Any schoolteacher, school employee or school volunteer who is an honorably discharged veteran or possesses a permit to carry from any state is authorized to carry a firearm in any school in any manner they deem fit. Any school district which is found in violation of this law shall forfeit all federal funds for a period of 6 months (for a first offense) and not less than 1 year for subsequent offenses.
These would make me a little nervous in their current form. Carrying for protection of myself or family is one thing. Carrying for protection while surrounded by hundreds of panicked children or teachers is another. I'm sure the 8 or 9 victims inadvertantly shot by police in NY a month or so ago would agree.

I agree making schools a gun friendly zone would make them less of a target, there just needs to be some type of formal training and certification to make it a reality. I'm thinking a CQB or IPDA type course to qualify for carrying on school campus.

The airline brings about a completely different set of problems. Yes, you have panicking people. But, you are also at 30,000+ ft. I'm not an aeronautical engineer, but I can't imagine a bullet hole through the bulkhead of a plane at high altitudes would be a good thing. Again, I don't think the standard CCW class would be sufficient training for Joe Public. There would have to be additional training and certification.
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Old 01-04-2013, 03:07 PM   #7
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I agree making schools a gun friendly zone would make them less of a target, there just needs to be some type of formal training and certification to make it a reality. I'm thinking a CQB or IPDA type course to qualify for carrying on school campus.
According to Larry Correia, a noted expert on School Shootings, the mandatory training is something of a feel-good boondogle because, in his experience, people who are incompetent before training will be incompetent afterwards and people who are competent or want to be more competent will voluntarily seek out additional training.

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The airline brings about a completely different set of problems. Yes, you have panicking people. But, you are also at 30,000+ ft. I'm not an aeronautical engineer, but I can't imagine a bullet hole through the bulkhead of a plane at high altitudes would be a good thing. Again, I don't think the standard CCW class would be sufficient training for Joe Public. There would have to be additional training and certification.
I remember this debate from right after 9/11. The only danger represented by firearms discharge on a plane, which would not be the same on a public bus or subway car, is the risk of perforating the skin. The danger there is that it might create a slow leak which could lead to hypoxia. But that is unlikely because it would be a slow leak which is 1) easily overcome by cabin pressurization systems and 2) gives lots of time to lower the plane to altitudes where there are enough bars to avoid hypoxia. The flight systems are not in any particular danger because of triple redundancy and explosive decompression is pretty much a myth.

Peace favor your sword,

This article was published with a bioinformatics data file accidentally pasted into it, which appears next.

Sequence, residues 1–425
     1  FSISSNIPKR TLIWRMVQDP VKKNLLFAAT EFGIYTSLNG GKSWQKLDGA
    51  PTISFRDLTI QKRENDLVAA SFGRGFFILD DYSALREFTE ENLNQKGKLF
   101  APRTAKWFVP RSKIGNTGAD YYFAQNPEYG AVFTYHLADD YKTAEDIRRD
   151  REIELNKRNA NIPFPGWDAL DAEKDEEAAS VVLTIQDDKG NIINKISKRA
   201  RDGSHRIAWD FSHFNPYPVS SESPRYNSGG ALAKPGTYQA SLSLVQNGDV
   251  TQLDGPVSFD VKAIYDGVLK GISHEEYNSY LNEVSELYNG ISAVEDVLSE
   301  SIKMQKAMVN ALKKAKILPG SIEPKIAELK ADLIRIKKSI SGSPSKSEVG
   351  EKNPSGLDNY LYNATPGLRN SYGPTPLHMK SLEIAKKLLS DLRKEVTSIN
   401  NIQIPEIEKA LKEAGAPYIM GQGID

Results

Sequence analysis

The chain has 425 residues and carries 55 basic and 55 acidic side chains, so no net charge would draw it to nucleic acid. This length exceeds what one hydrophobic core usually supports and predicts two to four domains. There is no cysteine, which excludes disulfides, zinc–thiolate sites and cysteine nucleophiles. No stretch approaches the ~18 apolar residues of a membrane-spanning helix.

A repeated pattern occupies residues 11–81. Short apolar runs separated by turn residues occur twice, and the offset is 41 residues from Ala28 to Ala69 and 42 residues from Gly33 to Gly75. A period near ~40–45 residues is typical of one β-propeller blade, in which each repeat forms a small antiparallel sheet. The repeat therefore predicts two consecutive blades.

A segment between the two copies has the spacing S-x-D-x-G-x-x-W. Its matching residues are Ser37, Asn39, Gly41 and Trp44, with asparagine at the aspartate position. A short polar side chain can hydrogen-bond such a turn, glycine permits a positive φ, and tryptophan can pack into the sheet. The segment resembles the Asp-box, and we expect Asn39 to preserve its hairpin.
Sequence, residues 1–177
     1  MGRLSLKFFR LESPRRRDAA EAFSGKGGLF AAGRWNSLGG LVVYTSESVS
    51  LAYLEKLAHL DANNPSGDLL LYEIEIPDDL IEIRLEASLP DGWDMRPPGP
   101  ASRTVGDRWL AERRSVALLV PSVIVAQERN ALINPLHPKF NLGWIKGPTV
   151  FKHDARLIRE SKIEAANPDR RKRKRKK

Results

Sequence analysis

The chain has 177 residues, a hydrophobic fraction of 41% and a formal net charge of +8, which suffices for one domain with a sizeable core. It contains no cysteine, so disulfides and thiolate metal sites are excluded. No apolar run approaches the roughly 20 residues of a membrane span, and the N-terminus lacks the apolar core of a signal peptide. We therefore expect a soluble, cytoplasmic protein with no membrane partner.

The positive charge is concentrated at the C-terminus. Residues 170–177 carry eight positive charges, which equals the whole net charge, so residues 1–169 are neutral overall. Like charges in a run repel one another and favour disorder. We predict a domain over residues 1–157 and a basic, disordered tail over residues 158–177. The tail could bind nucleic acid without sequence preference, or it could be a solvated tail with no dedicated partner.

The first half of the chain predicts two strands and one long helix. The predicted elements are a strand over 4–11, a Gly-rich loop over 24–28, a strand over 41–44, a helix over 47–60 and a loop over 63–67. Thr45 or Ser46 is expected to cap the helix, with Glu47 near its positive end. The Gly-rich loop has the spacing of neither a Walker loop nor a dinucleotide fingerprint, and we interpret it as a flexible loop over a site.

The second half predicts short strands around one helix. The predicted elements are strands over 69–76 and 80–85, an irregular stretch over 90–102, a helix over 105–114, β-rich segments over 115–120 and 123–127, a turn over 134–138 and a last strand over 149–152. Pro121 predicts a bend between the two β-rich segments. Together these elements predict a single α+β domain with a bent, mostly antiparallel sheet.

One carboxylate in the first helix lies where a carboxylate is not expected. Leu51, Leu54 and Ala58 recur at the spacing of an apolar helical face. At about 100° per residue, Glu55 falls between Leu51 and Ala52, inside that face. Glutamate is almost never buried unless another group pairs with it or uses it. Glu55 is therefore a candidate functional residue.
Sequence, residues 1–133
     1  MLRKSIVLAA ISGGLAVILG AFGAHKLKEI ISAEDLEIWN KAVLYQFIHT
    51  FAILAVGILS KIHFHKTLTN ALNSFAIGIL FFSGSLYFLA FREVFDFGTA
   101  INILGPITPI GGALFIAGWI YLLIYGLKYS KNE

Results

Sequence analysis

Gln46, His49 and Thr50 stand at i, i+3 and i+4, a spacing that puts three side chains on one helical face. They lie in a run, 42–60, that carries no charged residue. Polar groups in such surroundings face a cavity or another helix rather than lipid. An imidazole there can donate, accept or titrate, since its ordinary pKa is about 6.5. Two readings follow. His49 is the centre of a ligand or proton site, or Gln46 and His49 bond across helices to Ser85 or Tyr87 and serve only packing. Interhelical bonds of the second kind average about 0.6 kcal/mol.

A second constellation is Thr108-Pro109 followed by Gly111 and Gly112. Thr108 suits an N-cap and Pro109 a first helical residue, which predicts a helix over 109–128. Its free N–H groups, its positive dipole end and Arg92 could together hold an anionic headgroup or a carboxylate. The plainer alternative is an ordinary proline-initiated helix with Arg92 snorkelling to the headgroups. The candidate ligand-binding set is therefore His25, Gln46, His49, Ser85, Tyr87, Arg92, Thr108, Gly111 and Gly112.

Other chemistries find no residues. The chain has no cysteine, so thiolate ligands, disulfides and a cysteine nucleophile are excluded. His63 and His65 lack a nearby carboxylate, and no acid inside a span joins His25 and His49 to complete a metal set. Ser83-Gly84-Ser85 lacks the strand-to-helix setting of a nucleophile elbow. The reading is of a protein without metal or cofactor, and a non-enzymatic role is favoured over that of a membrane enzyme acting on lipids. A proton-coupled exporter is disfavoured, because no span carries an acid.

Kirk
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Old 01-04-2013, 03:37 PM   #8
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According to Larry Correia, a noted expert on School Shootings, the mandatory training is something of a feel-good boondogle because, in his experience, people who are incompetent before training will be incompetent afterwards and people who are competent or want to be more competent will voluntarily seek out additional training.

I remember this debate from right after 9/11. The only danger represented by firearms discharge on a plane, which would not be the same on a public bus or subway car, is the risk of perforating the skin. The danger there is that it might create a slow leak which could lead to hypoxia. But that is unlikely because it would be a slow leak which is 1) easily overcome by cabin pressurization systems and 2) gives lots of time to lower the plane to altitudes where there are enough bars to avoid hypoxia. The flight systems are not in any particular danger because of triple redundancy and explosive decompression is pretty much a myth.

Peace favor your sword,
Kirk

Great, you just gave me more educational material to read. Thanks, I think.
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Old 01-04-2013, 04:03 PM   #9
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Originally Posted by lklawson View Post
I remember this debate from right after 9/11. The only danger represented by firearms discharge on a plane, which would not be the same on a public bus or subway car, is the risk of perforating the skin. The danger there is that it might create a slow leak which could lead to hypoxia. But that is unlikely because it would be a slow leak which is 1) easily overcome by cabin pressurization systems and 2) gives lots of time to lower the plane to altitudes where there are enough bars to avoid hypoxia. The flight systems are not in any particular danger because of triple redundancy and explosive decompression is pretty much a myth.
Nailed it Kirk.
Additionally, the rounds carried by Federal Air Marshal's are designed not to typically exit. They are specially constructed plastic frangible rounds. Even in a "miss" they will typically splatter on the inside of the airplane skin.

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Old 01-04-2013, 04:26 PM   #10
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It's a good read.

Peace favor your sword,
Kirk